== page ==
"I do." She sighed. "I need ta know."

He ran his tongue over his teeth and tried to buy himself time. No spectacular idea appeared. "Rogue."

She leaned down towards him. "Remy."

"I can't." He couldn't.

"An' ya can't be persuaded?"

He shook his head. "I'm sorry." He was.



She glared at him, and then vanished. "Wait!" He jumped up. "Okay, I mean-" He groaned and then the door opened wide and Bella stode inside. She had a bag over her shoulder, and a short skirt that was really too short. He blinked, his mind readjusted. "Bella?"

"I don't have a lot a' time," She sighed. "Worthington called a few minutes ago-"

"Da billionaire?"

"He wants us t' have brunch." She slid the bag off her shoulder and shoved it into his arms.

"He wants t' have lunch. Wit' us?"

"Not us. Me." She twirled a long strand of hair between her fingers. "I'm like, Donna. We met a while ago. One crazy evening. It's a long story, Cher. Suffice it ta say, this whole necklace business is getting' more complicated than we imagined. I wrote a report, go over it, an' set up da cameras in here. I'm gonna try an' give us an in ta Worthington Towers. An' if it isn't too much trouble, I'd like your own report when we get back." She patted his shoulder.

"My report?"

"The chemical analysis o' da necklace?" She gave him a pointed look.


She studied him. "I don't know what's goin' on. But you're still my partner. Aren't you?"

His shoulders dropped. "Oui."

Bella leaned forward and gave him a brief kiss. "So set up da cams. We don't have much time. Get dat analysis done. Call Henri if y' have to."

"I won't." He insisted as she left the hotel room quickly. He wondered why all his females seemed to disappear in poofs of air.

And reappear. Rogue materialized to take the cameras off his hands. "Thank ya for agreein'," she said, like their conversation had never been interrupted at all. Don't worry. Ah have ideas ta get us started on the search." She offered him a genuine grin. Then it fell away. "How come ya need ta analyze my necklace?"

Through his considerable confusion, Remy managed a "huh?".

1950 Something -Several Weeks Later

"I wouldn't have come to you, but the doctors aren't proving particularly helpful with my problems. I fear my illness is of such a complexity that only a man of equal complexity can be of help. I was told you are more than proficient in both the natural sciences, and in, uh, supernatural practices." Warren stroked his chin. "I know this sounds absurd -I only half believe it myself." He moved his fingers to the bridge between his eyes and squinted. "But I think my illness is the result of a curse. Several months ago, I came into familiarity with a young woman who professed to be a fortuneteller."

"Familiarity. Can you elaborate?"

"After I'd been visiting her a few times, mostly for fun, though she did appear to have a certain knack for knowing, we became romantically involved. She was attractive, friendly. I was smitten, to be honest." He sighed. "But then the board, my company's board, was alerted to our relationship. They were less than pleased, to put it nicely. I was informed that CEOs could not be seen fraternizing with a fortuneteller, bad press and all."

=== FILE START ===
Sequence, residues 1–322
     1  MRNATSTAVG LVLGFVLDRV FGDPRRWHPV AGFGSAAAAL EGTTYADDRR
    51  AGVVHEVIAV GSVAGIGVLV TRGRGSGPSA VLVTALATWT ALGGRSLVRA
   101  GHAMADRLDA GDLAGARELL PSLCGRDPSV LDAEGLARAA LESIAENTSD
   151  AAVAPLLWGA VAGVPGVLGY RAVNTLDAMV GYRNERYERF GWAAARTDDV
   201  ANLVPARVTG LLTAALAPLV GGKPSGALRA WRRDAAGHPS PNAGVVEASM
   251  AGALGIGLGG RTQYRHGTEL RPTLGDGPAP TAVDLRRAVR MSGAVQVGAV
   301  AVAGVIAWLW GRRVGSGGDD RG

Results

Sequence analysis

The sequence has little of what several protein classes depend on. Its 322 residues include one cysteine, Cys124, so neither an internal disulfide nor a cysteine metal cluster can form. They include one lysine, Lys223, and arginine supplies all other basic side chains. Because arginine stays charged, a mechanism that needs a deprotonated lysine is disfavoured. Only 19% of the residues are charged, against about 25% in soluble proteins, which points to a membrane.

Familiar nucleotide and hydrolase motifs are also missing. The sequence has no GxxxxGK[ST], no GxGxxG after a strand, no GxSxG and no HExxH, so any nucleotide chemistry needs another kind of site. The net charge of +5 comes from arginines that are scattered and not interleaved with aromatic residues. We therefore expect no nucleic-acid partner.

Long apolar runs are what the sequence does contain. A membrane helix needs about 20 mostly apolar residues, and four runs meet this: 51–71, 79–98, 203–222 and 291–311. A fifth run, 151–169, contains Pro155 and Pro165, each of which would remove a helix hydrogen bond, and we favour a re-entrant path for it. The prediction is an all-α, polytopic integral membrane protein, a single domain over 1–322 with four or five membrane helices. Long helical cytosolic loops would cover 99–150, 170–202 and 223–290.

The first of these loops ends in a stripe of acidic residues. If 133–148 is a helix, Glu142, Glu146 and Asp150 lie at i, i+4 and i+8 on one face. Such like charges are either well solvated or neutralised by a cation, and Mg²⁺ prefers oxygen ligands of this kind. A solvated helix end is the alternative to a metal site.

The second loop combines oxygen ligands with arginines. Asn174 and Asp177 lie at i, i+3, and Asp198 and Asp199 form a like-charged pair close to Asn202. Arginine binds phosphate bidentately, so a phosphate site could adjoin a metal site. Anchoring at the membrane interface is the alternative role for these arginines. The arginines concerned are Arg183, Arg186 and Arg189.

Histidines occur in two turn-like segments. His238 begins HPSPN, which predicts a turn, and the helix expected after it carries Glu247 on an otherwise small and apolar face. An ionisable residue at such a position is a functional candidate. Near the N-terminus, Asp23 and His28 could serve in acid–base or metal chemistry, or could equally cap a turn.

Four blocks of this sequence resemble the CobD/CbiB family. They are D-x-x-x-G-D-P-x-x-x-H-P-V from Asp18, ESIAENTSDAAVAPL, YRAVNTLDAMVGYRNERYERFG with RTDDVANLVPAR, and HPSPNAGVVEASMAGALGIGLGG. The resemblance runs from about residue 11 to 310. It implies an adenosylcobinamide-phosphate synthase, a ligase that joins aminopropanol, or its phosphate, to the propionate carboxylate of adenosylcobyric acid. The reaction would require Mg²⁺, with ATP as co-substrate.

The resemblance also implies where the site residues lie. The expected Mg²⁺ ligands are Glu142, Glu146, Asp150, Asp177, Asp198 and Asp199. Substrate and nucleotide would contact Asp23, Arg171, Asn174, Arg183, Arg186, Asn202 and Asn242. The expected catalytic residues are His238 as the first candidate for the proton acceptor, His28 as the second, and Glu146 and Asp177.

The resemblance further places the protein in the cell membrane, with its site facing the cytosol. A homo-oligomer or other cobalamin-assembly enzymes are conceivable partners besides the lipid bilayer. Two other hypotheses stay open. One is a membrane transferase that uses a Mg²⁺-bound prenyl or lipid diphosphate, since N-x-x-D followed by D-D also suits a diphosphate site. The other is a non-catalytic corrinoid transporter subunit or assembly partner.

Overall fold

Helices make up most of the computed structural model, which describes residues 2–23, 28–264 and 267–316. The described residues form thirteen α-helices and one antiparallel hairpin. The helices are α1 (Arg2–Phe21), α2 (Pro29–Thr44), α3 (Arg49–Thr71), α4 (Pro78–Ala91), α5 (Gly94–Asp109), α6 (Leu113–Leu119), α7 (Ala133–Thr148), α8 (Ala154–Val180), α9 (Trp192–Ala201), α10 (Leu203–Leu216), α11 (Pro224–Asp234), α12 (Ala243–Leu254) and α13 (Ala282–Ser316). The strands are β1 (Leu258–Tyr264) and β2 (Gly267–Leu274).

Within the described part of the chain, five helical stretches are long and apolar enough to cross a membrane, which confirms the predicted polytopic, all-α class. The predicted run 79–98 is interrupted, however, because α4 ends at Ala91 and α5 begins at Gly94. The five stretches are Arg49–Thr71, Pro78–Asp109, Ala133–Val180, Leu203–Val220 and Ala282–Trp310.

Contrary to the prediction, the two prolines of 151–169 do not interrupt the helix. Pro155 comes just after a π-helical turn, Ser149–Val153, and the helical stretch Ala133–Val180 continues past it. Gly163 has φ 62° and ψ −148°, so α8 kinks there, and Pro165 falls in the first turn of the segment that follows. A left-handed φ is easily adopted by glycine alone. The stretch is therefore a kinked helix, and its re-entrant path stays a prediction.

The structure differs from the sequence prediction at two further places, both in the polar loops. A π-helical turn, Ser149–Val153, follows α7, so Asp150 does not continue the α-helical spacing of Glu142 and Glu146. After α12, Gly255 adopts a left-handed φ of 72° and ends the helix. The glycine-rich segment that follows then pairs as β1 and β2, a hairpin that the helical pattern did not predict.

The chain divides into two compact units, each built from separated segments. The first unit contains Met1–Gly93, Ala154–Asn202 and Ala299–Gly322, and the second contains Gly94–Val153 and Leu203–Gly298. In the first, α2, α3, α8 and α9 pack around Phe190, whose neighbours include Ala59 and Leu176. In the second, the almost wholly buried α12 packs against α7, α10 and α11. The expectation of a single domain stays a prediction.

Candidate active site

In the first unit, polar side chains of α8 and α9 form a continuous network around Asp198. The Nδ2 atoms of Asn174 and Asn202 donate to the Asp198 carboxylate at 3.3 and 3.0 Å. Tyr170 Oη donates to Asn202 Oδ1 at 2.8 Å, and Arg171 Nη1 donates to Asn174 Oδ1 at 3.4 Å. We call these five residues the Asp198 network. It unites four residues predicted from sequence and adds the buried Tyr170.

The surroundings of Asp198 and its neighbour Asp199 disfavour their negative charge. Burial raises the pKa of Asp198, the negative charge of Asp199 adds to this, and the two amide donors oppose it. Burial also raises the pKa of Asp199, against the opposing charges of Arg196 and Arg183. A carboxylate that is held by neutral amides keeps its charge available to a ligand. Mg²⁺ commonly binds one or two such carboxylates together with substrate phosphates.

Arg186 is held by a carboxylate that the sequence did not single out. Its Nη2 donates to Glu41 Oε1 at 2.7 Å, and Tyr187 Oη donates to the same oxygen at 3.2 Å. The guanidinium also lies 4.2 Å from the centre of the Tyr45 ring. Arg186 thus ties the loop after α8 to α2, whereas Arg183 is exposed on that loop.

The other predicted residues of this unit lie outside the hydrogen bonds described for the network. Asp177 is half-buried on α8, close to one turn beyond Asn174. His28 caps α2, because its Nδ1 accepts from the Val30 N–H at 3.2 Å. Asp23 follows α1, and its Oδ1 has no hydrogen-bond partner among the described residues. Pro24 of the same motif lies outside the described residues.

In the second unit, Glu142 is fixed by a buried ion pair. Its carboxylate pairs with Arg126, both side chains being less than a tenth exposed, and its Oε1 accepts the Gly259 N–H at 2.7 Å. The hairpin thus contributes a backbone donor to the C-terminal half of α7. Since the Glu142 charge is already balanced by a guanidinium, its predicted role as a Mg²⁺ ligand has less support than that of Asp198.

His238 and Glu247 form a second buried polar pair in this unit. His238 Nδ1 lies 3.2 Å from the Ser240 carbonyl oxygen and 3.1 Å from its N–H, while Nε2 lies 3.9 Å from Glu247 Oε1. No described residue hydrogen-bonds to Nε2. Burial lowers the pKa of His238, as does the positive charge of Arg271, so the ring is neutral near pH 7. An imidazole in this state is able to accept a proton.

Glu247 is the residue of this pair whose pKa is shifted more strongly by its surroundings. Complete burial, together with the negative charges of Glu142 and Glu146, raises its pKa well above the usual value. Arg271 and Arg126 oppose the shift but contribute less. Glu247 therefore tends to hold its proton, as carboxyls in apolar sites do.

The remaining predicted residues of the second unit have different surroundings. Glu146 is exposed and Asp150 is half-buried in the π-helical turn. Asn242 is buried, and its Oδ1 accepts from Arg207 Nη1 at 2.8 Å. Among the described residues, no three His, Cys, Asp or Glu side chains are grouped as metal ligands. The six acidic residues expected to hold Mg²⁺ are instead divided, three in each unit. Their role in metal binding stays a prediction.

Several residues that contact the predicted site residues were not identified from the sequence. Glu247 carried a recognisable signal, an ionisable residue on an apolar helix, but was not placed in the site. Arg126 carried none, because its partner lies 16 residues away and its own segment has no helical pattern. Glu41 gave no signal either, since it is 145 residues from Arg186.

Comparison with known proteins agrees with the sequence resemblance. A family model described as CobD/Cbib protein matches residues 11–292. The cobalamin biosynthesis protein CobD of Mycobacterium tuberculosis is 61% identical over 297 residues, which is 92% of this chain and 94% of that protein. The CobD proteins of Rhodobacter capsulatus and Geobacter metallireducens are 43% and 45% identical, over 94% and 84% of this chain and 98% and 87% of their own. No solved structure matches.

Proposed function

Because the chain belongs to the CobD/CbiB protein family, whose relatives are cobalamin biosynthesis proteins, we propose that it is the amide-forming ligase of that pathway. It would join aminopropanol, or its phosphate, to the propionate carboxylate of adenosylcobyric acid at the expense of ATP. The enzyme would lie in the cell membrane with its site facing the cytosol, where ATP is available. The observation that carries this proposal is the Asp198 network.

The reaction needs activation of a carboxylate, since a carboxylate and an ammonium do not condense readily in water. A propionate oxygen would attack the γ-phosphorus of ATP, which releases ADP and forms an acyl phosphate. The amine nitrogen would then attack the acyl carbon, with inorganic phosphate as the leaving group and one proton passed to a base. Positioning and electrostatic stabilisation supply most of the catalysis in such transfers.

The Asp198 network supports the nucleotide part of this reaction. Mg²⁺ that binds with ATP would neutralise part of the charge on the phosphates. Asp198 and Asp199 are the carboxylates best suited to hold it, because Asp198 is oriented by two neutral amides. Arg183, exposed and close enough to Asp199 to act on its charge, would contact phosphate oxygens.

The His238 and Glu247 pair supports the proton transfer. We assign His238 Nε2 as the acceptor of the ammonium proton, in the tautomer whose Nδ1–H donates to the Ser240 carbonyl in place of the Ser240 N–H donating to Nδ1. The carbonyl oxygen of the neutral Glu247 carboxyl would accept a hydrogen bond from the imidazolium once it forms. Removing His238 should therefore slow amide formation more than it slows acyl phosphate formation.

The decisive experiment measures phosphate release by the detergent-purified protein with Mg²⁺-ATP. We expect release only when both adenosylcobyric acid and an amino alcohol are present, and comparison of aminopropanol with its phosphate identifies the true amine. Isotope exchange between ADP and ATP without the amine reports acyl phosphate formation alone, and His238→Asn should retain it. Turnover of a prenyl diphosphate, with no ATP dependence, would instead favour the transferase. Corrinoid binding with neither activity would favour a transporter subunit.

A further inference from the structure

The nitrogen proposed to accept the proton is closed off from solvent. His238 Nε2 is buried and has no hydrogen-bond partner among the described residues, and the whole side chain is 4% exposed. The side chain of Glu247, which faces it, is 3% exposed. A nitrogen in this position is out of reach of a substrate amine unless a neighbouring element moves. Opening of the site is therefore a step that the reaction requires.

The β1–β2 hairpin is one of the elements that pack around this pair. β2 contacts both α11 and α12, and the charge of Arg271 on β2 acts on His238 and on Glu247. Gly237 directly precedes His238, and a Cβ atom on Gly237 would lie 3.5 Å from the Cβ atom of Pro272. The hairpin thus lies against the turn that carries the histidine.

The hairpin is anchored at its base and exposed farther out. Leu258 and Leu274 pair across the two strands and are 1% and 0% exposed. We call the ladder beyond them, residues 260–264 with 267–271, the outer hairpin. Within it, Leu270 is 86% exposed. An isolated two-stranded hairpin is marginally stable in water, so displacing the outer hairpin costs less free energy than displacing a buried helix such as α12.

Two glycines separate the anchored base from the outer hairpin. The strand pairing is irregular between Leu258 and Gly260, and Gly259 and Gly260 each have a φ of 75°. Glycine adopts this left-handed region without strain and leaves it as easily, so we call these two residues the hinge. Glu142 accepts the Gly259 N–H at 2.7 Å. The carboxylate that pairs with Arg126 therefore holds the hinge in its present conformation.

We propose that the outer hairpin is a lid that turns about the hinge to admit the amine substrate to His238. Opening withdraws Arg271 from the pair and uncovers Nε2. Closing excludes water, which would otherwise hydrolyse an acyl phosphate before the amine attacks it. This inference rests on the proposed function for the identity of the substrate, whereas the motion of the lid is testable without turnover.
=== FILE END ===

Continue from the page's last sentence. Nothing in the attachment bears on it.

"So you broke it off."

"I was enamored with the girl, but I couldn't risk throwing my place at the company in jeopardy. I built it from the ground up, it's like my child. So, yes, I broke up with her. She was furious. Talked about betrayal, and regret. She said I wasn't the man she thought, that I'd killed him with my greed, and how there was no sense my going on in the world without a soul. She muttered a few chants under her breath while she gathered her things, and vanished. I haven't seen her since. But, shortly after, I began to feel pain in my chest, and that's why I began visiting the doctors."

"Describe her."

"Beautiful. Striking. Pale skin, dark hair, eyes that stare into your soul." He laughed, softly. "A penchant for dark clothes. She wasn't like other girls."

"I imagine not. Your female sounds familiar. There is a young lady, well known in certain circles as a new breed of witch. Young, attractive, possessing of remarkable skill and ability. Her only fault seems a fear of rejection, but it is a severe one. She is not forgiving. If the Scarlet Witch, Mistress of the Black Arts is indeed, your scorned lover you will most certainly require my help if you want to survive through the year."

"Wanda isn't a witch..." Warren said, shaking his head in disbelief. "Exotic, eccentric, yes, and maybe she tapped into something somehow, but there's no way-"

"Mr. Worthington, believe me when I say that Wanda Maximoff wrote the book on witchcraft in modern society. The good news is that you were right in coming to me. I can help you with this curse." There was a pause, as the shadowy figure leaned forward and dropped something onto the table between them. "Unfortunately, the price of removing this curse is, well, exorbitant."

"And the results?"

"Extraordinary. I warn you, however, once you decide this, once you leave here your choice cannot be undone. You may regret this moment, but the payment will be met as scheduled or you will find yourself in a situation more dire than you can imagine. Do you understand that? Is this cooperation what you truly want, Mr. Worthington?"

The wealthy young man felt his heart pound against his ribcage. He tugged on his collar. "I want to live."

"And so you shall. Tell me, how do you like this?" He inched the object between them closer to Warren, who picked it up. Even in the dark, the gold flickered like fire as he turned it in his palm. Too warm for Warren, who already burning up inside. He dropped it back onto the table and slid it away in one smooth, discreet gesture.

"You have fine taste, Mr. Essex. But I prefer silver."

And there we go. Hopefully the next chapter will come soon. Review! (Oh, and if you feel like I probably owe you a review of your own, just tell me. I'm behind, but trying to catch up).